The Generation-Y is the largest in US history, even larger than the Baby Boomers.
Millennials are part of the generation that came chronologically after Generation-X. Most
Millennials reach young adulthood just after the 21st century.
Millennials are known for their increased usage of technology, having many Facebook friends and sending many texts per day.
Compared with earlier generations, Millennials are known to delay marriage and kids by several years, and wait a few years before buying a car and property.
As far as exercise goes, Millennials are exercising more, eating healthier and smoking less than earlier generations.
Because of the Millennial emphasis on technology and efficiency, they have been able to free up a lot of time in our lives.
The Millennial-inspired apps, technology and devices are now automating many aspects of our world that used to require labor and time.
In addition, Millennials have opened a door for a whole new market for secondary products.
What is perhaps most significant, however, is the fact traditional car companies will have to drastically change the way they operate, if they stand any chance of surviving in the Millennial world.
Here are a few ways the Millennial generation has and will change our world:
1. More amazing developments will be made because of the extra time we will have.
These days, many of our daily tasks and routines are becoming automated.
From food delivery and transportation to finding restaurants and bars, our world is increasingly becoming automated by technology.
The good news?
This heightened level of efficiency is freeing up a lot of time in our days.
We used to have to pull out maps to find directions, and now we merely type in the destinations on our phones.
We used to have to pick up the phone to order pizzas, and now we can open apps and have them delivered right to our doors.
We are quickly learning to outsource tasks we would never have considered outsourcing.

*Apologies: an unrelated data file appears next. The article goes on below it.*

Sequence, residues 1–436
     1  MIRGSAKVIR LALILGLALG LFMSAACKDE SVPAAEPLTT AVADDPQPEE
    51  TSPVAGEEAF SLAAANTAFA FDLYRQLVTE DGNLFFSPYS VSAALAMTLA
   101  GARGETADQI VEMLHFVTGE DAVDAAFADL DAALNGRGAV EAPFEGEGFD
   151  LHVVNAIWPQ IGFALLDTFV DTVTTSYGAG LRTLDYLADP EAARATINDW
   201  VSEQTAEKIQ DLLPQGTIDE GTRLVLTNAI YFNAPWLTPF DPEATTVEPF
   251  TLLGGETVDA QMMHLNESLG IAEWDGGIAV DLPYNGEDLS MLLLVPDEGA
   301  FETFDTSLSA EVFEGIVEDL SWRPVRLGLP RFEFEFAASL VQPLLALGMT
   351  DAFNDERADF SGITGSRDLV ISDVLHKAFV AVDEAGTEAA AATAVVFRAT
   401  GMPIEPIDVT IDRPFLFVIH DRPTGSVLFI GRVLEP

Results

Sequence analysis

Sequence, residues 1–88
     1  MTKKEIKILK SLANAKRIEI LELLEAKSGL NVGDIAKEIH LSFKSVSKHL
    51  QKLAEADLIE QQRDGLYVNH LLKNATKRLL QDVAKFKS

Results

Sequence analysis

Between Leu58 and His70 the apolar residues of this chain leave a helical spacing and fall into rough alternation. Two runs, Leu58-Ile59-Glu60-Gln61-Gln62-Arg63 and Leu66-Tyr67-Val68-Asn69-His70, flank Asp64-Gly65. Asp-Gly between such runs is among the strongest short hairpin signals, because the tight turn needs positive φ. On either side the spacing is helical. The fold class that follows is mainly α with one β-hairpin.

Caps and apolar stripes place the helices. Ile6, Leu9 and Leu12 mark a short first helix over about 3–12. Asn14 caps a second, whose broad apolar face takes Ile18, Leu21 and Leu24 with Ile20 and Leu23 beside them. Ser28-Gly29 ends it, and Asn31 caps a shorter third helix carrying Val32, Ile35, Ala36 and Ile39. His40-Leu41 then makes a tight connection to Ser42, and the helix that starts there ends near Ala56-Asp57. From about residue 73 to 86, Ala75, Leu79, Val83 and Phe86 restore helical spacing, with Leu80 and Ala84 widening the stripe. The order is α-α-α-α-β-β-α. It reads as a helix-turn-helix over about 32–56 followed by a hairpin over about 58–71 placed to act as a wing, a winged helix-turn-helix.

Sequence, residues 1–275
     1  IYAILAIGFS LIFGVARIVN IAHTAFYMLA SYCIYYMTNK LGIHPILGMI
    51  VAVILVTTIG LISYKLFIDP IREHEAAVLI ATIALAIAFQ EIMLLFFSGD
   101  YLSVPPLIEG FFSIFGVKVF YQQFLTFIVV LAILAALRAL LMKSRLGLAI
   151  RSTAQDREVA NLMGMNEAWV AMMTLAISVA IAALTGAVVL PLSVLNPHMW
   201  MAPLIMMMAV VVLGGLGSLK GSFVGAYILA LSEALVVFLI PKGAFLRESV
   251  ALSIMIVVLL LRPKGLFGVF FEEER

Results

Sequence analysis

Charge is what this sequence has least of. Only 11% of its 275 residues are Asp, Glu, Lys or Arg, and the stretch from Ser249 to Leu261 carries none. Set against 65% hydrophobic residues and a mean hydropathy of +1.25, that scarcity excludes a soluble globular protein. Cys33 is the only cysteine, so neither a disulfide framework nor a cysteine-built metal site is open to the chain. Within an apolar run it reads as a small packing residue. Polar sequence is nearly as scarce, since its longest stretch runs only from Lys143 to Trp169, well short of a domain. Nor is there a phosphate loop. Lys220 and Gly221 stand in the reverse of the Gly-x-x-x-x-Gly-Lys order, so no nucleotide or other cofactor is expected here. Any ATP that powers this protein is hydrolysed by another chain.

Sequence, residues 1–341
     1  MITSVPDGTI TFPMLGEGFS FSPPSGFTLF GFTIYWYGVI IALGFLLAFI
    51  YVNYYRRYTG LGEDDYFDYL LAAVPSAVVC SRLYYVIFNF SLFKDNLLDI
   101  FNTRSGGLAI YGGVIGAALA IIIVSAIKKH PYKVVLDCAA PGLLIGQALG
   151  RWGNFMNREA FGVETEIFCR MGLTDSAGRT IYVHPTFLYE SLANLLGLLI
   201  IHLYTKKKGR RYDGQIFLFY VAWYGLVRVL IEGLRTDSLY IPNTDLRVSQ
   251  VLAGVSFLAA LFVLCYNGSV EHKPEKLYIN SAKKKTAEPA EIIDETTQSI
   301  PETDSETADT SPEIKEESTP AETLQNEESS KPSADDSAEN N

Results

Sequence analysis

Now that we have extra time to work with, it's made room for even more innovation and developments.
What developments can we expect to see?
We can expect to see a continuation and even an exaggeration of the trends we have been seeing.
Driving will soon be an entirely automated process with self-driving cars and shared rides.
Food delivery will be exclusively on-demand, and goods and services will become available per our request by the click of a button.
2. New markets for shared and secondary products will be created.
Another advantage of the growing Millennial economy is the increase in new markets for shared products.
Products and experiences that used to be exclusive to an individual — car rides, ordering food, working out — are now being grouped together to become more efficient and less expensive for all participants.
Take a look at GrubHub, for example.
GrubHub is a mobile app that enables users to order food from different restaurants using their smartphone.
Whereas earlier people had to physical go to the restaurant or, at the very least, pick up the phone and place an order, now they can outsource the labor by using the app to pay a middle man to deliver the food for them whenever they want.
Secondary products are being given a new light in this market as well.
When a consumer no longer wishes to own his or her product, whether it’s a car, iPhone or TV, there are now a multitude of different platforms on which he or she can sell his or her product.
TVs no longer have to be given away at yard sales or to a friend.
You can go online and sell it to a buyer the same day.
3. Traditional cars and insurance companies will be forced to either innovate or die.
With the rise of Uber, Lyft and other ride-sharing companies, traditional car and insurance companies will need to do something drastically different if they want to survive.
In fact, Uber has shown that using their ride-sharing feature called UberPool is less expensive and more convenient than owning a car both in the short term and the long term.
Travis Kalanick, CEO of Uber, said:
Our intention is to make Uber so efficient, cars so highly utilized that for most people it is cheaper than owning a car.
Uber’s initial service was to provide users with an on-demand taxi service, in which users can request a “taxi” at their location and have a driver show up promptly.
Now with UberPool, users are able to share these rides, splitting the cost with other riders who are going in a similar direction, thus lowering the cost for all passengers.
In the near future, Kalanick says Uber will probably include driverless cars.
When they do, they will be potentially be replacing the drivers with the cars that operate themselves.
Google is already developing their own driverless cars.
With this technology, Uber plans to successfully implement on-demand rides that are more efficient, easier and cost-effective than any scenario involving car ownership.
Car ownership comes with many fixed costs, including maintenance, repair, gas, insurance, etc.
With Uber’s developing technology, the costs for the vehicle will be paid for by the hundreds of riders who use it.
The vehicle will thus be operating under maximum efficiency and usage.
Not only could Uber take over the car manufacturing industry, but they believe driverless cars could end the car insurance industry.
Within the next several years, between ride-sharing and self-driving cars, the Millennial wave will bring in a new wave of transportation experience.